Refilling The Creative Well

restoration hardward 1
Huge leather sofas, retro nautical signal lights, and an over-sized round Camino chandelier are a few of the design delights in the upper room at the Indy RH.

One of my happy places is the local Restoration Hardware store. It’s full of bold and over-sized furniture and design elements, many of them throwbacks to the grand ideals of the past. The stores brim with leather, polished aluminum, and natural weathered wood. We have a new two story version of this fabulous establishment in Indianapolis, and last week I went there not to purchase something, but to refill my creative well.

I’d been working on a number of creative (and not so creative) projects, and was feeling depleted. Everyone needs regular breaks from work. This is one of the reasons God created the Sabbath; to give us a chance to decompress and recharge. As the old proverb says, “All work and no play makes Jack a dull boy.”

Restoration hardware chandeliers
Enormous vintage birdcage chandeliers, hang from thick ropes in the grand stairway at the Indy RH.

But it’s also important, especially for those involved in creative pursuits, to not only rest, but refill the well we draw from.

Of course, the best way to do this is by getting plenty of spiritual nourishment. Nothing has the effect of reviving and renewing me like time in God’s presence; whether it’s meditating on the bible, waiting in prayer, worshiping or just being in community at church. And the privilege of partnering with him in my creativity is one of the truest sources of inspiration and joy in my life.

But I also find that letting my soul sort of “play” can have a significant effect on my sense of restfulness and wellbeing. I love good design, and places like RH become for me a playground of whimsical creative ideas that touch my soul. This playfulness is a spiritual activity, as well, a recognition and celebration of the life and passions God deposited in me.

In her seminal book, The Artist Way, Julia Cameron calls this concept of taking your soul out to play an “artist date”:

“An artist date is a block of time, perhaps two hours weekly, especially set aside and committed to nurturing your creative consciousness, your inner artist. In it most primary form, the artist date is an excursion, a play date that you preplan and defend against all interlopers. You do not take anyone on this artist date but you and your inner artist, a.k.a. your creative child.”

It might be a walk in the park, a visit to the pet store, preparing a meal, a visit to a museum, a trip to RH; anything that might refill your creative well. But you should be alone to get the full effect.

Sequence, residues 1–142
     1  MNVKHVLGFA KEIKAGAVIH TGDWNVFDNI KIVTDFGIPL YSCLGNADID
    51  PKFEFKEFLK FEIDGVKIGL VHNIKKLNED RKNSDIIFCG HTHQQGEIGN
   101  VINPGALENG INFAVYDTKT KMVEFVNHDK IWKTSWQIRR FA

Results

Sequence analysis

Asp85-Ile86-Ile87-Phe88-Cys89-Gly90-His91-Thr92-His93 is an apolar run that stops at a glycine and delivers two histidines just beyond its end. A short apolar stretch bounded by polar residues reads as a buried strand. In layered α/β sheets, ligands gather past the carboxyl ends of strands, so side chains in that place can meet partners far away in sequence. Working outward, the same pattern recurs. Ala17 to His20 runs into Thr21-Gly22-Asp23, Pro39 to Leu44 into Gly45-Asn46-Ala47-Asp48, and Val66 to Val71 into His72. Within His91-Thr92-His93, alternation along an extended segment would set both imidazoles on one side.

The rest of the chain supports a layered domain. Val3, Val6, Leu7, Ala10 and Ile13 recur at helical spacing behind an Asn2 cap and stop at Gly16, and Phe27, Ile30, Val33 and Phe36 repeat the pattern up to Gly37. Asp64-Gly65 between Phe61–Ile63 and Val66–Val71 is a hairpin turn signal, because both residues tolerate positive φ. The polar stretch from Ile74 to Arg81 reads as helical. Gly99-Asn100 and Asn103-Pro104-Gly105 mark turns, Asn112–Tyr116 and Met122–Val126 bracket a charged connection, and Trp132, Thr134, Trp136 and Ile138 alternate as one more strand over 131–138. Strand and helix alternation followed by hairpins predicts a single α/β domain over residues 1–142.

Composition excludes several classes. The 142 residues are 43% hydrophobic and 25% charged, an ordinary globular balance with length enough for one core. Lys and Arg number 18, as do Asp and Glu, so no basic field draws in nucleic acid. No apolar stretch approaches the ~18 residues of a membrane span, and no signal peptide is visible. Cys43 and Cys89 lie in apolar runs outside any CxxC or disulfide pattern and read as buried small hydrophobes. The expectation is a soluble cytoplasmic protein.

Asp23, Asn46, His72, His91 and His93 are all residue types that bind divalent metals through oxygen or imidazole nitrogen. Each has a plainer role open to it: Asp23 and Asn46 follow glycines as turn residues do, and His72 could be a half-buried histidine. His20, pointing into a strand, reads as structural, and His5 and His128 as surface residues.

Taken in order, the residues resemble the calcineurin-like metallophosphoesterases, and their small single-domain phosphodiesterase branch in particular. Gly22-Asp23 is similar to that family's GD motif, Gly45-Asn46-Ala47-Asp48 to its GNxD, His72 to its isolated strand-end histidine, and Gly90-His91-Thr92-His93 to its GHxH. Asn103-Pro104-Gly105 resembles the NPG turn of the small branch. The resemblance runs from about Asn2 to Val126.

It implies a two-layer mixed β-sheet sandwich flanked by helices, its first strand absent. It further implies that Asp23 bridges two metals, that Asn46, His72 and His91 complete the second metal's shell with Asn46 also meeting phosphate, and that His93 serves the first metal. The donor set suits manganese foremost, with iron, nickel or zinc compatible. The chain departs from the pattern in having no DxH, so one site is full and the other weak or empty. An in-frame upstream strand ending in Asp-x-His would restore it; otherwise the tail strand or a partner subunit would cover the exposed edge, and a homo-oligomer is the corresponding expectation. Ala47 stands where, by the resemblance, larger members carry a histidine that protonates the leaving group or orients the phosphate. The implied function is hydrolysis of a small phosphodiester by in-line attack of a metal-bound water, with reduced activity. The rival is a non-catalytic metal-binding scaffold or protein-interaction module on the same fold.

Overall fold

If you are feeling creatively dull, make sure you are spending time in God’s presence. And consider taking yourself on an artist date.

Where are some places you like to go that fill your creative well?

6 Responses

  1. Paul Perry
    | Reply

    Notify me of new posts, please.

    • J Scott McElroy
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      Thanks for stopping by, Paul! You can now subscribe by using the “Subscribe” button in the sidebar to the right.

  2. Rebecca Webb
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    It has been a long time since I’ve had an artist’s date. I do go to museums, though. I’d like to try some plein aire, though.

    • J Scott McElroy
      | Reply

      I know, Rebecca, its easy to forget that we need one! I like museums, too. Its nice to wander around by myself and just experience the art without dealing with anyone else’s opinion. 🙂 Did you see that The Chicago Art Institute (3 hours from me) was named #1 museum in the U.S. by TripAdvisor?
      Plein aire, can be fun and freeing, especially on a nice day!

  3. sue
    | Reply

    Love the walk in the park idea. Staring at Lake Superior (ocean of the midwest). Enjoying quiet. Listening to fav music. Sabbath sort-of-date!

    • J Scott McElroy
      | Reply

      Thanks for sharing, Sue! Yes, even though we don’t have an ocean to stroll along in the Midwest, the Great Lakes work just as well for an artist date escape. And they’re some of the only places in the U.S., where you can see a full sunset on the water, without having to travel to the west coast. We try to get to the southern tip of Lake Michigan a couple of times a year to rest and recharge.

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